The rewards for volunteers working here on a regular basis are free resources ( plants, produce, preserves, compost etc..) and a free lunch twice a week. There are naturally other intangible and intrinsic rewards such as companionship, social support and learning. Enjoying lunch from the crops grown is important in order to enjoy the fruits of our labour and gives us time to sit down and talk about the work and relax together. At this time of the year we are having soup and toast made from autumn produce stored in the freezer and root crops growing in the garden now. In summer we have salad and rolls. We function as a workplace with a lunch break – so its back to work until afternoon tea-break, after which most volunteers head off. The average time spent here is 4 hours – usually 10.30 – 2.30. In the summer months we can still be working at sundown if the mood and weather takes us.
So what do we do on rainy days? We make pickles and preserves for fundraising, process seeds, clean and tidy the resource centre and sheds and have a covered potting shed so a bit of weather means we can get other work done and carry on with propagating plants.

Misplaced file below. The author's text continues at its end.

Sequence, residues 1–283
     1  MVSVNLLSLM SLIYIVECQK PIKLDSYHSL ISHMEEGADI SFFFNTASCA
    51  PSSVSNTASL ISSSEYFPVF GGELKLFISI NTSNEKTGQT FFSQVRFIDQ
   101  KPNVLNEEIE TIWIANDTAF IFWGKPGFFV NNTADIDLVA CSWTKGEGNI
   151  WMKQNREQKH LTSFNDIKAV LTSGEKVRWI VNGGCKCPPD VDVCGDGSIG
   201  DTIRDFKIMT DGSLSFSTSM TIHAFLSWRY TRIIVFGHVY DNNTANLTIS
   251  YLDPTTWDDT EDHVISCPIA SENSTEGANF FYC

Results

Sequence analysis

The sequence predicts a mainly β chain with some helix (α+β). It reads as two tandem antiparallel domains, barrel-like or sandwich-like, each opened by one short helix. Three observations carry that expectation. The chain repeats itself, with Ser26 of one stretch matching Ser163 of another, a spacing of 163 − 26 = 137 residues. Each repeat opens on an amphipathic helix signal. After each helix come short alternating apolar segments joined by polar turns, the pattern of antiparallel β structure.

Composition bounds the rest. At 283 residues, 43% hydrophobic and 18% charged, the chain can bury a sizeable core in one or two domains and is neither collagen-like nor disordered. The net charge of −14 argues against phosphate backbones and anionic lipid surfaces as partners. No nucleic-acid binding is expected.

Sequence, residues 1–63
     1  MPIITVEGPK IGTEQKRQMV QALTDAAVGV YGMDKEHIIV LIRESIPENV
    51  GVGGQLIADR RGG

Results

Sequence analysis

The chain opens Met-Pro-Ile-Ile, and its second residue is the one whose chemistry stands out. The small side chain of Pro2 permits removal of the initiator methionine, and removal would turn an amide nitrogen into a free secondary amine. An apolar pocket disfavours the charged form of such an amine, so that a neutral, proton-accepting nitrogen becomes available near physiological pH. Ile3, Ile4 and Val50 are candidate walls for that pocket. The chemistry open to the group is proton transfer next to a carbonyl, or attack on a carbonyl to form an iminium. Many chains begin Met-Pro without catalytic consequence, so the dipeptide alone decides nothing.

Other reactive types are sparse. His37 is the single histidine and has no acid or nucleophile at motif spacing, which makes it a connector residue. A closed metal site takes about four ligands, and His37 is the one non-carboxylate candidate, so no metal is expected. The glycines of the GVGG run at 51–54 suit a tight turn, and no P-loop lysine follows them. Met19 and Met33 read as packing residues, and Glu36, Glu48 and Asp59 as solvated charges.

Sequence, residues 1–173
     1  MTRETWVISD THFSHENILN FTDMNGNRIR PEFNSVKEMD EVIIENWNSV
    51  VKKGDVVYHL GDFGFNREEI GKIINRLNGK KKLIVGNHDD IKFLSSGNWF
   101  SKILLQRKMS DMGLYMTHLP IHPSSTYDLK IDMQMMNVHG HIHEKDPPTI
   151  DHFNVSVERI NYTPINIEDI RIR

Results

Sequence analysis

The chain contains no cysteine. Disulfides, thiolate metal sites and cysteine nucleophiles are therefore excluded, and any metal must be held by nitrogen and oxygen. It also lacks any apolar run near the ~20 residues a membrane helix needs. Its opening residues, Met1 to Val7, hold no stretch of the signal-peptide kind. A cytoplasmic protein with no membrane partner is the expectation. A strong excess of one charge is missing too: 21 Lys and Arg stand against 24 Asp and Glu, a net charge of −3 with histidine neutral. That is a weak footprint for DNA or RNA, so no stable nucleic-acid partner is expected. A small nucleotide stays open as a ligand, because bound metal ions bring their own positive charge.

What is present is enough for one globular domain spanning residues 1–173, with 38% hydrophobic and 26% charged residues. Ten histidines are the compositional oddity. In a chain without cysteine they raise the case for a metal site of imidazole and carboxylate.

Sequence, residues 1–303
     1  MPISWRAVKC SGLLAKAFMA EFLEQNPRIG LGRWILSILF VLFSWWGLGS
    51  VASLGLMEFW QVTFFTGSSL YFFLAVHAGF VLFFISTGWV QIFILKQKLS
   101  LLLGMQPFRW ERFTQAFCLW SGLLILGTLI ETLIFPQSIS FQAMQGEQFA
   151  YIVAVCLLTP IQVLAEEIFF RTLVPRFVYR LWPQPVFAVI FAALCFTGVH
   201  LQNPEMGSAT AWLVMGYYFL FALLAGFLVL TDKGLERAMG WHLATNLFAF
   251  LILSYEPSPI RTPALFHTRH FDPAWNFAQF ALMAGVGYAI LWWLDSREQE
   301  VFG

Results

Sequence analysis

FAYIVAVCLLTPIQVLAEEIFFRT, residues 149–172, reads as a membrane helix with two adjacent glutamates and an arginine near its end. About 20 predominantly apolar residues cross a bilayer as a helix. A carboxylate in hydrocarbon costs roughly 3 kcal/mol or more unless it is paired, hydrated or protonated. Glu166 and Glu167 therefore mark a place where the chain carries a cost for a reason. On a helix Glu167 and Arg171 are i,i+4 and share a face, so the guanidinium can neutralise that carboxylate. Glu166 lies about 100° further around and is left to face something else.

If you take a look at our statistics page you will notice that a relatively small number of 80 volunteers facilitate the opportunity for the majority ( 4500+ ) of other participants visiting for plants and produce, advice and recreation, dropping off recycling, and for education ( school visits, student placements etc..) or professional purposes. These people are as much participants as the volunteers and staff, are important to us and help us contribute to our goal of supporting a sustainable community. We provide resources and grow crops for the wider community who participate by accessing them . While the number of these participants we can reasonably count is up to 5000 people, I would estimate that we provide services for an additional 5000 people in terms of indirect and passive benefit. That’s 10,000 – the standard size for a ‘community’ or’ neighbourhood’ for research purposes.